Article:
The D’Arce choke is a popular and effective head and arm choke you can attempt from the top position in a front headlock or sprawl setup. In Alberto Crane’s ‘Front Headlock Chokes’ Instructional, Crane teaches the D’Arce choke setup with a special detail for finishing this choke utilizing a Gi grip instead of the traditional No Gi bicep grip used in submission grappling and MMA.

ALBERTO CRANE’S FRONT HEADLOCK CHOKESThe setup for this choke begins from the front headlock position with you as the attacker on top. From the front headlock position, you will swim your right arm behind your opponent’s left armpit all the way through to the front of their right shoulder by the neck. You will find a better angle by positioning yourself on your opponents left side, with the line of your body perpendicular with your opponent’s left shoulder with your feet more towards your opponent’s legs as opposed to their head.

Once your right hand is on the far side of your opponent’s face, lock in a gable or S-grip and align your left forearm bone in-line with your opponent’s head and neck. You are not ‘karate chopping’ the back of their neck. Rather, you want to be able to use your left arm as a lever against your opponent’s head to force their chin into a tucked position and break down their base until they are on their left hip. This grip is known as the three-quarter Nelson.

Use your left forearm to drive your opponent’s head both down and slightly towards you to force them onto their right side and expose the full choke. At this point, if your opponent is tense and fighting, you may actually be able to finish the submission from here. Use your forearm on the back of their head to compress the chin and drop your chest weight onto their triceps, pushing their arm against their neck to finish the three-quarter nelson head and arm choke.

If your opponent relaxes to avoid the choke while you have your three-quarter nelson, you will not be able to finish the choke without further advancing position. The good news is that their relaxing to defend allows you to completely lock in the choke. To accomplish this, ease up on your grip and shoot your left hand further towards their back to set up the full D’Arce.

In this position, the standard D’Arce finish would involve you grabbing your left bicep with your right hand and compressing down to cut on your opponent’s arteries. However, if you are in a BJJ Gi, you have the option of using a sleeve grip instead of the traditional bicep grip.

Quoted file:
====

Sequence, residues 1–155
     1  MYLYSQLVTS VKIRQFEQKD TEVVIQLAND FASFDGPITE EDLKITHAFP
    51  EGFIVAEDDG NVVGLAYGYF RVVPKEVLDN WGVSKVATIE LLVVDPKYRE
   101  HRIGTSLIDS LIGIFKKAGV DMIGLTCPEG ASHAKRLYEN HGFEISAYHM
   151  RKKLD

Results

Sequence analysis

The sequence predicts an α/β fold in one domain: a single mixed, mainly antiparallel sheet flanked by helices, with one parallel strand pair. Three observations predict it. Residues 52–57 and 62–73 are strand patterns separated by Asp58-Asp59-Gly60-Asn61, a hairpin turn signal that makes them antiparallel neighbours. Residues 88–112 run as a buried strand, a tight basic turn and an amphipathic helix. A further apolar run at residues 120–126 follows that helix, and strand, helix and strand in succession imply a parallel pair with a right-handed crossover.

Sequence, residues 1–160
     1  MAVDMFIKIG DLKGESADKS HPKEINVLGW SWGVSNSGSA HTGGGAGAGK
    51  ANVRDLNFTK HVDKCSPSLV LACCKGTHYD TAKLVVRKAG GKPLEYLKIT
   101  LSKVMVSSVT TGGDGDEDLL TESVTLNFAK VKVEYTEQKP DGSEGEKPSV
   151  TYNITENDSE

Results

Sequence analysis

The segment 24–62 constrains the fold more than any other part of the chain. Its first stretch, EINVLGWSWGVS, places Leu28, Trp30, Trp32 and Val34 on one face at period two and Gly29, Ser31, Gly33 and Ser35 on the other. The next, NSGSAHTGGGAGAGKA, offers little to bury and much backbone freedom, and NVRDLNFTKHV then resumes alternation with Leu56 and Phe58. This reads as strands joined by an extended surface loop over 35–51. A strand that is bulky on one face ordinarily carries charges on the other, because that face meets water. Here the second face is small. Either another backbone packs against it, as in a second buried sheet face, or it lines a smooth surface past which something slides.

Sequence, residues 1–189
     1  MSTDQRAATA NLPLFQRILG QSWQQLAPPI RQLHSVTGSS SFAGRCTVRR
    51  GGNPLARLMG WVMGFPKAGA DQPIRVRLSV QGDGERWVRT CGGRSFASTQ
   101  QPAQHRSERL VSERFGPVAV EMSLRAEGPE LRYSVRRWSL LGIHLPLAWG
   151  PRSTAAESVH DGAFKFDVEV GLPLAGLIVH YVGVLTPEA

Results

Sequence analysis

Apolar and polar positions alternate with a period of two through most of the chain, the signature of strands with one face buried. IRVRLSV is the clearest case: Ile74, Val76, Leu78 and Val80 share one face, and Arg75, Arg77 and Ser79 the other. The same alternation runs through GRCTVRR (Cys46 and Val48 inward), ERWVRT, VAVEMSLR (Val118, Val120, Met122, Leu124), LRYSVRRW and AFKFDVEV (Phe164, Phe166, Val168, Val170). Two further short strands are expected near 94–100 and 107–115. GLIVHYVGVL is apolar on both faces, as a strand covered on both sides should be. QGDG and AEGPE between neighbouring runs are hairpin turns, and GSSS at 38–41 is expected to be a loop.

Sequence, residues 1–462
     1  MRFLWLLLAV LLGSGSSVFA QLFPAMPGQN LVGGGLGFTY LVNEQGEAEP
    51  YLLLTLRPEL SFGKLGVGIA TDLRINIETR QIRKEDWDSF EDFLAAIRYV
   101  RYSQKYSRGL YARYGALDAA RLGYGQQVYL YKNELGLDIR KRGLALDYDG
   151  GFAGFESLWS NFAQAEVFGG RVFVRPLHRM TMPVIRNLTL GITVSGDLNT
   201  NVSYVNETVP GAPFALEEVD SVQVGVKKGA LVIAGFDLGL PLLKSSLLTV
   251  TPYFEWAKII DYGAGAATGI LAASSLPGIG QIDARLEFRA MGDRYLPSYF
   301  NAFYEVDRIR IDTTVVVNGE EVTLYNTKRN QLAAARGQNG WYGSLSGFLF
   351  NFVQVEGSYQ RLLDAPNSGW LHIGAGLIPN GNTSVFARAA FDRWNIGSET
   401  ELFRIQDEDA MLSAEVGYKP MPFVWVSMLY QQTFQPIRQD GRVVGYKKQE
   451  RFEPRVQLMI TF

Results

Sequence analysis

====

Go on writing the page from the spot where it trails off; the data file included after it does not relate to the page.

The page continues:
To use the sleeve grip, as your shoot your left hand for the D’Arce, grab your left sleeve with a four-finger grip using your right hand. This anchor will give you immense leverage to finish the choke and will be easier than doing a traditional D’Arce. Note that you can stick your four-finger grip inside your own sleeve. This grip is not permitted on the opponent’s sleeve, largely for the safety of your fingers, however it is legal when you are gripping your own sleeve with four fingers inside.

Once you have your right-hand sleeve-gripped on your left sleeve, grab the back of your opponent’s Gi with your left hand and establish a solid anchor. With your right hand maintaining its sleeve grip, drop your weight onto your opponent’s head and triceps.

At this point, you should either allow your opponent to put you in half guard or put yourself in their half guard. While this may seem counterintuitive, by getting into their half guard, you are removing their ability to scramble and escape. Given how deep your choke is at this point, they will not be able to actually do anything with their half guard (other than tap out!).

With this grip in place, your leg in their half guard, and your weight on their triceps and hand, drive your right elbow towards the ceiling for the full leverage to finish the choke.

Step by Step D’Arce Choke in Gi:

  • Begin in a sprawl position on to of your opponent as in a failed-shot scenario.
  • Circle to the right slightly to find an angle.
  • Shoot your right hand under your opponent’s left shoulder until your hand clears the far side of their head.
  • Establish a gable or S-grip with your left and right hands and left forearm in line with your opponent’s neck and head for a strong three-quarter nelson grip.
  • Drive your opponent’s chin towards their chest and break them down to their right hip.
  • Use your weight and three-quarter nelson grip to finish the choke on a tense opponent.
  • If your opponent relaxes and does not tap, shoot your left arm deeper and grip a four-finger grip with your right hand fingers inside your left sleeve.
  • Grip your opponent’s back with your left hand.
  • Allow your opponent to recover half guard or put yourself in their half guard.
  • Using your chest, drop your weight onto your opponent’s triceps and head.
  • Pull your right elbow towards the ceiling while maintaining the four-finger grip to finish the choke.

While this choke will take some practice, it is an incredibly effective submission against failed shot attempts or anytime you find yourself on top of your opponent in a front headlock or sprawl scenario.

Access to the sleeve grip in Gi allows even greater leverage and finish percentages than the traditional D’Arce bicep grip.

If you found this breakdown and video useful, check out Alberto Crane’s full front headlock choke series here!

January 27, 2021 — Casey Kluver